Duncan v. State Farm Fire & Cas. Co. , 587 S.W.2d 375 ( 1979 )

  • 587 S.W.2d 375 (1979)

    Woody Joe DUNCAN, Petitioner,

    Supreme Court of Tennessee.

    October 1, 1979.

    Jerry Shattuck, Clinton, for petitioner.

    Don A. Layton, Oak Ridge, for respondent.


    BROCK, Justice.

    The sole issue presented for our decision in this case is whether an innocent purchaser for value of a stolen automobile acquires an insurable interest in the vehicle sufficient to validate a policy of insurance against its damage or loss by collision. We hold that he does and overrule the decision in Insurance Co. of No. Am. v. Cliff Pettit Motors, Inc., Tenn., 513 S.W.2d 785 (1974), which held to the contrary.

    Petitioner, Duncan, who was engaged in the business of hauling coal in Anderson County, purchased a tractor-trailer rig from a seller in Alabama, a non-title state. Duncan arranged to finance the purchase by means of a loan from the City and County Bank of Anderson County, Tennessee, N.A., to whom he executed and delivered a promissory note and a security agreement pledge of the vehicle as security for payment of the note. Upon purchasing the tractor-trailer Duncan purchased a policy of collision insurance from the respondent, State Farm Fire and Casualty Company, which contained a loss payable clause in favor of the bank. After the tractor-trailer rig was used by Duncan for approximately six months in his coal hauling business, it was destroyed in a single vehicle collision accident. Duncan immediately notified the respondent insurance company and made claim for the loss but the insurance company declined to pay the claim upon the ground that the vehicle had been stolen prior to its purchase by Duncan and that Duncan had no insurable interest in the vehicle.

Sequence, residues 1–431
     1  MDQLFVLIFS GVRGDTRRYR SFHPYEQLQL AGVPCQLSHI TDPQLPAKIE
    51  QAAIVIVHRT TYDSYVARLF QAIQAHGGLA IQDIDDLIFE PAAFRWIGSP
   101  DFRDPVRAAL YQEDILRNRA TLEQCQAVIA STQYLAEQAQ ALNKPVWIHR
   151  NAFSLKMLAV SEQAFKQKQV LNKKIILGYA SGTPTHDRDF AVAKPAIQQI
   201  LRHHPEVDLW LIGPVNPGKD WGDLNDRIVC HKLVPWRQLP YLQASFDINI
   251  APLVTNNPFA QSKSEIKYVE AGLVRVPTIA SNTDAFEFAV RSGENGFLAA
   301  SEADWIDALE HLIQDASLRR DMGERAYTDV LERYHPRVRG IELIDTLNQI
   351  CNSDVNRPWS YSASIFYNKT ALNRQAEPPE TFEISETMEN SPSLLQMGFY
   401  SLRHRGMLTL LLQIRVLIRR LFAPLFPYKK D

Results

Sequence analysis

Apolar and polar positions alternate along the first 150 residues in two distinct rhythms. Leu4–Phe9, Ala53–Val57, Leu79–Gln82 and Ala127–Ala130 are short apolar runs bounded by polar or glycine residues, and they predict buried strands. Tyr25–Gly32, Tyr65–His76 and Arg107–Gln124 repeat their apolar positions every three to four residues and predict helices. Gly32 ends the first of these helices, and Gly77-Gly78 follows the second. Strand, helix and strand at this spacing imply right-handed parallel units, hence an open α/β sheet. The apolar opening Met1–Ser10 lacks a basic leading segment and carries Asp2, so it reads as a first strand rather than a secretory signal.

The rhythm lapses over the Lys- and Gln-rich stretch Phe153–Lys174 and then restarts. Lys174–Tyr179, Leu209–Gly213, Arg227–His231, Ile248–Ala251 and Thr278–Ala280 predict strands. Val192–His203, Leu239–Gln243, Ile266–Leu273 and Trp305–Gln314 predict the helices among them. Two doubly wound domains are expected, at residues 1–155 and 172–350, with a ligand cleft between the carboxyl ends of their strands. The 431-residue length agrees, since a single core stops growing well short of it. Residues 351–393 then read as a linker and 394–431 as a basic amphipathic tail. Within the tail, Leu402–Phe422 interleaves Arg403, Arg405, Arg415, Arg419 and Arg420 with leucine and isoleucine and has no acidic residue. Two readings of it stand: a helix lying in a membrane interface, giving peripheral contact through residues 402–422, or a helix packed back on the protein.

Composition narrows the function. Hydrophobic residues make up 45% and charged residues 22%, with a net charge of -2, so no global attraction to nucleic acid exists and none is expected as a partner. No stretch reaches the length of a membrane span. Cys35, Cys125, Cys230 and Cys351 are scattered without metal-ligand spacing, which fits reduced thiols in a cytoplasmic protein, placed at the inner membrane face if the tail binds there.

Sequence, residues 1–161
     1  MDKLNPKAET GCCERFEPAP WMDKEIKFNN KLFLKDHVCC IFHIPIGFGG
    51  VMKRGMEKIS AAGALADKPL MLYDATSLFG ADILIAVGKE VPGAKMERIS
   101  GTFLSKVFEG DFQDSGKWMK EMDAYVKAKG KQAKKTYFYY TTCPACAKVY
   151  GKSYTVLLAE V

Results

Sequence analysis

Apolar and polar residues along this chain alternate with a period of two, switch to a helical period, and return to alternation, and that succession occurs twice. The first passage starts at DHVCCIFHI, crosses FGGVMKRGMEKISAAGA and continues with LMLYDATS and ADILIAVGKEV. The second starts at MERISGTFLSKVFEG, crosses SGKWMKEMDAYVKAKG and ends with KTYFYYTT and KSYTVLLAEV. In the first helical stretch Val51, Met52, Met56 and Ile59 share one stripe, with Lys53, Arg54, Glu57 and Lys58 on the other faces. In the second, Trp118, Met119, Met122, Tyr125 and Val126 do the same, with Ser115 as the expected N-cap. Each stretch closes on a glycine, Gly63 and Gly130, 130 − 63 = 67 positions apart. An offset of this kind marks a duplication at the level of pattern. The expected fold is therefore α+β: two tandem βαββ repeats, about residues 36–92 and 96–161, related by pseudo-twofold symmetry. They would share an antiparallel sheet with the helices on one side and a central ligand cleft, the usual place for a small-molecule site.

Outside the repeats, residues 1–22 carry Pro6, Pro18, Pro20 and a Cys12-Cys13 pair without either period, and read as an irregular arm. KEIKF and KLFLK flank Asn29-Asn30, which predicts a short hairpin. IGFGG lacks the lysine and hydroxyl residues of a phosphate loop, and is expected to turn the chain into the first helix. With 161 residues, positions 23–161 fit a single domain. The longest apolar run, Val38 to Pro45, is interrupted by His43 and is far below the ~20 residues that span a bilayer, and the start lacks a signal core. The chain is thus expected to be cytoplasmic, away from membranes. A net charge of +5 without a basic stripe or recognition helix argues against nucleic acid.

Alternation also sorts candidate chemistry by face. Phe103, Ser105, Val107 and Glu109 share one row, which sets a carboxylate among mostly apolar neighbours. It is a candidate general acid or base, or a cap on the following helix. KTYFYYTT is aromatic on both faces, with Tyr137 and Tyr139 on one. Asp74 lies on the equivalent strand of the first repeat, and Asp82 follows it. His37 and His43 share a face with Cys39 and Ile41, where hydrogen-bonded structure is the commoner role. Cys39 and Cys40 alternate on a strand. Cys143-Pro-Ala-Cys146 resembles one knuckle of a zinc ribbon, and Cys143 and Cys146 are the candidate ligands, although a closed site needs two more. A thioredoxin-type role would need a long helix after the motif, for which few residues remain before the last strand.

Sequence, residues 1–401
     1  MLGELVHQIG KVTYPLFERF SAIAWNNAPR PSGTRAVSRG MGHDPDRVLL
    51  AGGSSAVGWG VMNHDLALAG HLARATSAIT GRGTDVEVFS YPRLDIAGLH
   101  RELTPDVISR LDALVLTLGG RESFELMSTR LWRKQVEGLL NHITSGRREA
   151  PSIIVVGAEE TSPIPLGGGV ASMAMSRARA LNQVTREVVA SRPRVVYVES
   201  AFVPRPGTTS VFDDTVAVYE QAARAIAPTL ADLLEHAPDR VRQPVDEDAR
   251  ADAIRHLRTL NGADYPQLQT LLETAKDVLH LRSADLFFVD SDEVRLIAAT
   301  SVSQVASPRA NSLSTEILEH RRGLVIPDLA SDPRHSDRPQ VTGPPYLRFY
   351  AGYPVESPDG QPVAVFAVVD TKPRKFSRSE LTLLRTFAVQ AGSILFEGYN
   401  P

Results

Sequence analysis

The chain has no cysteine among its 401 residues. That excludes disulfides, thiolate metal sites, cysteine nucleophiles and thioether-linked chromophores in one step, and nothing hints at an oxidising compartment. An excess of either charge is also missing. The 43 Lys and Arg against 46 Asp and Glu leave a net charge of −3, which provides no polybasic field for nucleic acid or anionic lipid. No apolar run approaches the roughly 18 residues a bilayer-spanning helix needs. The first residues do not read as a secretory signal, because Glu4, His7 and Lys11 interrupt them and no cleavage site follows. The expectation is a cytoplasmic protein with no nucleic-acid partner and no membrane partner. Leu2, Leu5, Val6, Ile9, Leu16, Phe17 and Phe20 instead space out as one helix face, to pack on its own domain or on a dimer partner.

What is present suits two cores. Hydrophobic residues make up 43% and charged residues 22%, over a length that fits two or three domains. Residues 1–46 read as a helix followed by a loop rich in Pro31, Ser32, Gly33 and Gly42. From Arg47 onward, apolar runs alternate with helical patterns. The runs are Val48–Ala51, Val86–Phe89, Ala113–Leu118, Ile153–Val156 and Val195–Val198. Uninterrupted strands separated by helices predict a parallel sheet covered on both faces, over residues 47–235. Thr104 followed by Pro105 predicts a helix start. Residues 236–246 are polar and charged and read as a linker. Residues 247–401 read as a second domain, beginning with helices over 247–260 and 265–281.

Duncan became delinquent in making payments on the purchase money note and the bank brought suit against Duncan to collect $12,727.98 plus attorney's fees of $1,500.00. Duncan admitted his obligation to the bank but filed a third party complaint against the insurance company seeking to recover the collision loss under the policy. The Chancellor entered a decree in *376 favor of the bank against Duncan for the amount owing on the note and the attorney's fees above mentioned and also awarded to Duncan a recovery against the insurance company for the amount of the judgment which he had rendered against Duncan in favor of the bank.